Efficient production and responsible sourcing

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Cornerstones of the Group's manufacturing operations

Environmental, economic and social sustainability is a long-standing cornerstone of the Volvo Group business. We have adopted and developed tools, processes and production systems to help us set a global standard of excellence and guide our employees on responsible behavior. 

Global standards
An important tool is the Volvo Production System (VPS), which is used for many processes throughout the organization, including product development, business services and logistics. VPS is a way of working with the minimum resources necessary, and using methods that streamline operations and minimize productivity losses. It includes tools for measuring and improving workplace safety, health and well-being. 

As employees influence the quality of products and services we deliver, transparency and clear communications with cross-functional teams are equally important aspects of VPS.

Quality, safety and environmental care are our corporate core values and are embedded in our sustainability approach. At each production unit, we have quality coordinators, safety delegates and environmental coordinators, and we measure, monitor and continuously improve our performance.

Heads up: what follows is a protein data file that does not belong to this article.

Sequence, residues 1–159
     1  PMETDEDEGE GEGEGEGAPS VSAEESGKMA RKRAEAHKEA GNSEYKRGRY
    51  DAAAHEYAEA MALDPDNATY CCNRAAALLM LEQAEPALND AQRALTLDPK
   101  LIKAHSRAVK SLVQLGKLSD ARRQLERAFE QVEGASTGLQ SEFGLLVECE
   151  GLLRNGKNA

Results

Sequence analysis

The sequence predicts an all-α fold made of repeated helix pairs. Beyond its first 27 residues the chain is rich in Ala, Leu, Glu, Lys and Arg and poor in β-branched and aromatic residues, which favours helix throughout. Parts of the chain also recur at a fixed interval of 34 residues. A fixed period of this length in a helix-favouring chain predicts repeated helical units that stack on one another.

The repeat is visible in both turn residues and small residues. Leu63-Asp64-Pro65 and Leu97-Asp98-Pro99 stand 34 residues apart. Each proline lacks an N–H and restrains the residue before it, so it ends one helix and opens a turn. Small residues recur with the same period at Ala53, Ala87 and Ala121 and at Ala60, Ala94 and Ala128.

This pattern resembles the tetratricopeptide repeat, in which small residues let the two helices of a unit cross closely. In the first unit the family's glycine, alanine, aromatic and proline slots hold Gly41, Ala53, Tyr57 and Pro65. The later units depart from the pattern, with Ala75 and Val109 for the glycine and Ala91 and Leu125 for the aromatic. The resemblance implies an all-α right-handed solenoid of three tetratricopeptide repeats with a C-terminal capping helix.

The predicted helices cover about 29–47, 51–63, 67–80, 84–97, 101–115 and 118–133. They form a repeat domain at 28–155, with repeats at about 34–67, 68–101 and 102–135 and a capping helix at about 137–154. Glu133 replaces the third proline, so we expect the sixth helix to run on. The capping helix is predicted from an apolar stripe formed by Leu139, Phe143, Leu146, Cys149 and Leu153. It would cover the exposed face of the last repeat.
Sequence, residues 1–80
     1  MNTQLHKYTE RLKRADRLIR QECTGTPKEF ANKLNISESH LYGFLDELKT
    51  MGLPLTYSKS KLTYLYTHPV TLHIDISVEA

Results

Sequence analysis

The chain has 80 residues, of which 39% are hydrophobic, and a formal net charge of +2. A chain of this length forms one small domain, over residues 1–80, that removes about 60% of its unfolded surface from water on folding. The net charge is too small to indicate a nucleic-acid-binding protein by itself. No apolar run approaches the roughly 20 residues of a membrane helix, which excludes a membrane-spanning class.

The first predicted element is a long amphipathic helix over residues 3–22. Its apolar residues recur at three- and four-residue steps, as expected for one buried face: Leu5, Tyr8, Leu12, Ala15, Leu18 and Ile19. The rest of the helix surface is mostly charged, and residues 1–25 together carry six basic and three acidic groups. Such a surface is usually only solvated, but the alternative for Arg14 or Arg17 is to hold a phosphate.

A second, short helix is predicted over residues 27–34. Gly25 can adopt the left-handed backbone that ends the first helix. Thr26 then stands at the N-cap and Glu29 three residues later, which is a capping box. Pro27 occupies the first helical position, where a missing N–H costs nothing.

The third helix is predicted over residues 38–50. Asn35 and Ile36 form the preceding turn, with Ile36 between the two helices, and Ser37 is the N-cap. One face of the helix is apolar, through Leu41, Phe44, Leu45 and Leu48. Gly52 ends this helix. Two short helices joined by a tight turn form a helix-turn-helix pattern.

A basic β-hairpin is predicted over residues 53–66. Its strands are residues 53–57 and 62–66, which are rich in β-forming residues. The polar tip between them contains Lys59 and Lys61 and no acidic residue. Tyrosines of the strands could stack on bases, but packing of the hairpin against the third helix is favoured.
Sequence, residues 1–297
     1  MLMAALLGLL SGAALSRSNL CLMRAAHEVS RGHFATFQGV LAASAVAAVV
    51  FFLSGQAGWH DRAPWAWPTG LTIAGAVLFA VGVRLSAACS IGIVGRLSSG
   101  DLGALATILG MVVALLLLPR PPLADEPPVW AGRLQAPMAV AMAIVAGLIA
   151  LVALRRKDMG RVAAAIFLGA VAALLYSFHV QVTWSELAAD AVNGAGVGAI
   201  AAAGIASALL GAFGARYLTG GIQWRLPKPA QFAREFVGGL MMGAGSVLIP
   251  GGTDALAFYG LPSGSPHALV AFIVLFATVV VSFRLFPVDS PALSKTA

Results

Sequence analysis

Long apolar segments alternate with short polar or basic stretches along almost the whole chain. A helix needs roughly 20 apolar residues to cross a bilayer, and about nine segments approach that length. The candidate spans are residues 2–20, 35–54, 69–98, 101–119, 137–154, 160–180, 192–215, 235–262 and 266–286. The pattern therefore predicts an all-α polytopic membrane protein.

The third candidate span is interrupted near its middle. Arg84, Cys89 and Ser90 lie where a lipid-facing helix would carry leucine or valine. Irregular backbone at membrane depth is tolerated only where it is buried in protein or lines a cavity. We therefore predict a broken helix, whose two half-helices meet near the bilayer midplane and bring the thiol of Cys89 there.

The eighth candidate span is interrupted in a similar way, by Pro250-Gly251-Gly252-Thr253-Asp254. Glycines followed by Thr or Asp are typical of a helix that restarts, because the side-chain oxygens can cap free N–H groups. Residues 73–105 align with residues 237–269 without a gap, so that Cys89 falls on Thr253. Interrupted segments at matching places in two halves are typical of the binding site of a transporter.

The Volvo Group conducts manufacturing in 18 countries worldwide. All production facilities comply with prevailing legislation and our minimum requirements for environmental management and improvement, chemicals, energy consumption, emissions to air and water, and waste management. To ensure compliance, environmental audits have been conducted group-wide since 1989.

All our wholly-owned production sites have certification for the ISO 9001 quality management system. 94% of our production is certified in accordance with the ISO 14001 environmental management standard and 37% in accordance with the OHSAS 18001 international standard for occupational health and safety.

More than 94% of our automotive products spend is with ISO 14001 or equivalent-certified suppliers.

The Group’s New River Valley plant in Virginia and Macungie plant in Pennsylvania, U.S., have both gained ISO 50001 certification – the leading international certification program for driving continuous improvements in energy efficiency. Both plants are also certified to the top U.S. energy specification – the Superior Energy Performance (SEP).

In 2013, there were 15 licensable facilities in Sweden. There is a continuous review of the environmental permits, but no environmental permits need to be renewed in 2014. During the year, there were no major environmental incidents.

Our Braås factory in Sweden is the world’s first carbon-neutral production facility for construction equipment.

Energy efficiency
Our ambitions to increase energy efficiency and attain carbon neutrality are important both in terms of environmental and economic sustainability. The Volvo Group was the first automotive manufacturer to participate in the WWF Climate Savers program. Since 2009, we have reduced carbon emissions from our operations by 13%. This is already in excess of the 12% target we are committed to achieving by 2014.